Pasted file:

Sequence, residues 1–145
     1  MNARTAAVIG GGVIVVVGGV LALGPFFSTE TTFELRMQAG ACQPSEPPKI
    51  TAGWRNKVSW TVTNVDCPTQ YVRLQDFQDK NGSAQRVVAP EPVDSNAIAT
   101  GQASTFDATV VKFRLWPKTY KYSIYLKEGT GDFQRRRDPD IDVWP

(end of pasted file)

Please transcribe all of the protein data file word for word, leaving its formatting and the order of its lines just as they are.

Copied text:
Sequence, residues 1–145
     1  MNARTAAVIG GGVIVVVGGV LALGPFFSTE TTFELRMQAG ACQPSEPPKI
    51  TAGWRNKVSW TVTNVDCPTQ YVRLQDFQDK NGSAQRVVAP EPVDSNAIAT
   101  GQASTFDATV VKFRLWPKTY KYSIYLKEGT GDFQRRRDPD IDVWP